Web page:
USS Chemung (AO-30)

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For other ships of the same name, see USS Chemung.
USS Chemung (AO-30) refueling USS Boyd (DD-544), 1969
Career
Name: USS Chemung
Builder: Bethlehem Shipbuilding Corporation, Sparrows Point, Maryland
Launched: 9 September 1939
Acquired: 5 June 1941
Commissioned: 3 July 1941
Decommissioned: 18 September 1970
Struck: May 1971
Fate: Scrapped
General characteristics
Displacement: 7,470 long tons (7,590 t) light
24,830 long tons (25,228 t) full load
Length: 553 ft (169 m)
Beam: 75 ft (23 m)
Draft: 32 ft 4 in (9.86 m)
Propulsion: Twin screws, 30,400 shp (22,669 kW)
Steam (600psi), NSFO
Speed: 18 knots (21 mph; 33 km/h)
Complement: 304
Armament: • 4 × 5 in (130 mm)/38 cal. guns (4×1)
• 4 × 40 mm AA guns
• 4 × 20 mm AA guns
Service record
Operations: World War II, Korean War, Vietnam War
Awards: 2 battle stars (World War II)
4 battle stars (Korea)

USS Chemung (AO-30), a Cimarron-class fleet replenishment oiler serving in the United States Navy, was the second ship named for the Chemung River in New York State.

Chemung was launched 9 September 1939 as Esso Annapolis by Bethlehem Shipbuilding Corporation at Bethlehem Sparrows Point Shipyard, Sparrows Point, Maryland, under a Maritime Commission contract; sponsored by Miss Howard; acquired by the Navy 5 June 1941; and commissioned 3 July 1941, Commander E. T. Spellman in command.

From 13 July 1941 until the entry of the United States into World War II, Chemung operated between east coast ports and the oil ports of Texas and Louisiana transporting fuel oil.

World War II[edit]

From 20 December 1941 to 3 January 1942 she issued fuel at NS Argentia, Newfoundland. Reloading at Norfolk, Virginia, she steamed to Hvalfjörður, Iceland carrying fuel (19 February—25 March), then operated between Norfolk and ports in the Gulf of Mexico from 1 April to 16 May. Following another tour as fuel station ship at Hvalfjörður (30 May-26 June), Chemung departed from New York City 20 August with a convoy bound for the United Kingdom. Two days later Ingraham collided with her at night. The destroyer sank almost immediately when the depth charges on her stern exploded. Chemung, although heavily damaged by the explosion and resulting fires, reached Boston, Massachusetts 26 August for repairs.

Steaming 1 October 1942 to Beaumont, Texas, to load fuel, Chemung accompanied the North African assault force to sea, remained off the coast during the landings, then returned to Norfolk 30 November to resume coastwise fuel runs. From 15 February 1943 to 11 June 1945 Chemung alternated five convoy voyages to United Kingdom ports and five to North Africa with coast-wise and Caribbean cargo duty and station duty at Bermuda and in the Azores.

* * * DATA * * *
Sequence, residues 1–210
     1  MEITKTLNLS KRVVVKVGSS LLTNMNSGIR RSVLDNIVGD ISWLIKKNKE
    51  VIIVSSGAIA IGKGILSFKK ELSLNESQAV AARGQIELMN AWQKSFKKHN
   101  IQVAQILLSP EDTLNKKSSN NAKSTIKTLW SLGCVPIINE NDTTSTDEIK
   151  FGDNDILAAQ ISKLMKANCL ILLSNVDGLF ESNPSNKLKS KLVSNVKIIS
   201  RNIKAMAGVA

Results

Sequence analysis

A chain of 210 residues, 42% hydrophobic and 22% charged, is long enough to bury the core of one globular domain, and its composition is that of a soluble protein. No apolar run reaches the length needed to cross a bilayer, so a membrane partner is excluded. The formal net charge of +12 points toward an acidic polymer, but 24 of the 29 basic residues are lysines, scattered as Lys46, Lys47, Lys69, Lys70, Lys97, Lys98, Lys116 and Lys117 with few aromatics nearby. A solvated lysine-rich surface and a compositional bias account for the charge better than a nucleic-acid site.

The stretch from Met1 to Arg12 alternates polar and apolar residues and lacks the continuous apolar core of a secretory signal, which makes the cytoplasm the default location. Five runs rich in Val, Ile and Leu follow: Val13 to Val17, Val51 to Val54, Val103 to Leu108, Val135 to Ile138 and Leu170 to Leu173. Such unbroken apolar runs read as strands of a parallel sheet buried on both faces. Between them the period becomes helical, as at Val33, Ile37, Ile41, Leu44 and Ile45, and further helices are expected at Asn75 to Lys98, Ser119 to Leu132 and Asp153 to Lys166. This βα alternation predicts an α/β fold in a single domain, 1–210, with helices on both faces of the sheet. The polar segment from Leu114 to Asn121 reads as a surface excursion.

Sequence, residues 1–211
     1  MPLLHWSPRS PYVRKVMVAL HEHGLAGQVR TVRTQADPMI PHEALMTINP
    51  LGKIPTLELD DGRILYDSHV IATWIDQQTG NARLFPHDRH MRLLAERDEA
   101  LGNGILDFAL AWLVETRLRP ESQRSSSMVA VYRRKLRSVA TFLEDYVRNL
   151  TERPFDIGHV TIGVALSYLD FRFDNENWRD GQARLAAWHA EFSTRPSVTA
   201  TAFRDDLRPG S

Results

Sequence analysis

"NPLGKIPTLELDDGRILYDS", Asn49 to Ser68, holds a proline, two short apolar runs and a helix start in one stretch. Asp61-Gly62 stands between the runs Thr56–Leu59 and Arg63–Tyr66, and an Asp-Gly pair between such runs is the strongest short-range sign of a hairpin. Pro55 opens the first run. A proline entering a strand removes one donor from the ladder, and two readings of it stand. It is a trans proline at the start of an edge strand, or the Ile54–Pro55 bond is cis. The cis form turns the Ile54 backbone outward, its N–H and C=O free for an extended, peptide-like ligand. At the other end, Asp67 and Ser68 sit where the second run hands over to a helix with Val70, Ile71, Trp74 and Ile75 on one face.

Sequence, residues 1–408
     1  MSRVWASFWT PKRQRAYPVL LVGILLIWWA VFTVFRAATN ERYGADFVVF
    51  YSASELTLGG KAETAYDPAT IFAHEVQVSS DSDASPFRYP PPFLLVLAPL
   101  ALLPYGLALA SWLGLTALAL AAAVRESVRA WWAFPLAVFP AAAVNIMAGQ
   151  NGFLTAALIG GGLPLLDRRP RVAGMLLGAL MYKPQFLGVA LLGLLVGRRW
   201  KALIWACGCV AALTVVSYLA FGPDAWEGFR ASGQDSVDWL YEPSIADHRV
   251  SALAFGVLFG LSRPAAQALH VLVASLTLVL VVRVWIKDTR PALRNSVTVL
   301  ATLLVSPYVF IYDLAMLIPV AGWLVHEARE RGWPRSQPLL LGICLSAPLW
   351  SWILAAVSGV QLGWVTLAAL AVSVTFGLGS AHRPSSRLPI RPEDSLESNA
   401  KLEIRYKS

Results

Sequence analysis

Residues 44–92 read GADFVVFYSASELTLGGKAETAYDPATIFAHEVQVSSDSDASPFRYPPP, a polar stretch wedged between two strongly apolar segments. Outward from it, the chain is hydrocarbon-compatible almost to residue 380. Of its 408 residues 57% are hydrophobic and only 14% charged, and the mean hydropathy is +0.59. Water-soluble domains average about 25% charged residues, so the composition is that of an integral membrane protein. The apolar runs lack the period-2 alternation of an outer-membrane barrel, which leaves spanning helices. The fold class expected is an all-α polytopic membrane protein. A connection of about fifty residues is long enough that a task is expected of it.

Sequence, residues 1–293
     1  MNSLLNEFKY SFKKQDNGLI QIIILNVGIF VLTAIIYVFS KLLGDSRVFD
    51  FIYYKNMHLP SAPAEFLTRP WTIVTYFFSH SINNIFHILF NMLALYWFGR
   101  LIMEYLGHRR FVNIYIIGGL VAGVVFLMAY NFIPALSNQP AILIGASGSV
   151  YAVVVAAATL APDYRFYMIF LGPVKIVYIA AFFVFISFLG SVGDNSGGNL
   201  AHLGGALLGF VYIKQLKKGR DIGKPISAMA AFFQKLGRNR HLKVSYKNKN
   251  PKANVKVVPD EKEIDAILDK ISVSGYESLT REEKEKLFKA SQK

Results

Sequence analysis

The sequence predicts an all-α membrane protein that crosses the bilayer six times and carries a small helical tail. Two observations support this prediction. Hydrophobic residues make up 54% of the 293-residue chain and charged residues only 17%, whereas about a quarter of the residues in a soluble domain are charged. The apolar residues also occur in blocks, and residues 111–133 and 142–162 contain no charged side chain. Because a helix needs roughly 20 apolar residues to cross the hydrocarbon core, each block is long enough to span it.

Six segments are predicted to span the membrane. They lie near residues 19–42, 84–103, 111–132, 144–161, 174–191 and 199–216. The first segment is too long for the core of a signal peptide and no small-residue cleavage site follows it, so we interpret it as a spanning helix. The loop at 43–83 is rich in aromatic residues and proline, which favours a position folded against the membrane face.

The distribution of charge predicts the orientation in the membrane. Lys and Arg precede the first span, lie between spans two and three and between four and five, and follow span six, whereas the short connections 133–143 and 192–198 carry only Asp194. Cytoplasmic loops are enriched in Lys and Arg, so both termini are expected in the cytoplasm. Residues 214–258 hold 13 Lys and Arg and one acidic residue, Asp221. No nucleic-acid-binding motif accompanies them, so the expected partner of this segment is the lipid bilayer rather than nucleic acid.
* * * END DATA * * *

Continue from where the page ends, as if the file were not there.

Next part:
Post-war service[edit]

An assignment to occupation duty in the Far East found Chemung circumnavigating the globe as she cleared Norfolk 18 July 1945, passed through the Panama Canal for service at Okinawa 17 September to 13 October, and returned by way of the Cape of Good Hope to Norfolk 6 December. She operated with the US Atlantic Fleet, serving the US 6th Fleet in the Mediterranean (12 November 1948—1 April 1949), until 17 March 1950, when she sailed for San Diego, where she was decommissioned and placed in reserve 3 July 1950.

Recommissioned 1 December 1950, Chemung steamed to the Far East 28 January 1951 for a brief tour refueling forces engaged in the Korean War. During her second tour of duty (7 July 1951—20 April 1952), she supported United Nations troops in Korea, served on the Formosa Patrol, then transported oil from Ras Tanura, Arabia, to Guam. She again sailed from San Pedro 24 June 1952 to support the US 7th Fleet off Korea until returning to Mare Island for overhaul on 24 February.

In nine succeeding tours of duty in the Western Pacific from her home port at San Pedro California between 1953 and 1960, Chemung supported many of the 7th Fleet's most notable contributions to the keeping of peace in the Far East. During her 1954—1955 tour she provided fuel for the ships carrying out the evacuation of the Tachen Islands. During each of the tours she has served as station tanker at Kaohsiung, Taiwan, fueling the ships of the Taiwan Patrol.

Chemung served through the 1960s, including service in support of the Vietnam War, until she was decommissioned on 18 September 1970. She was transferred to the Maritime Administration and ultimately scrapped.

Chemung received two battle stars for World War II service, and four for service in the Korean War.

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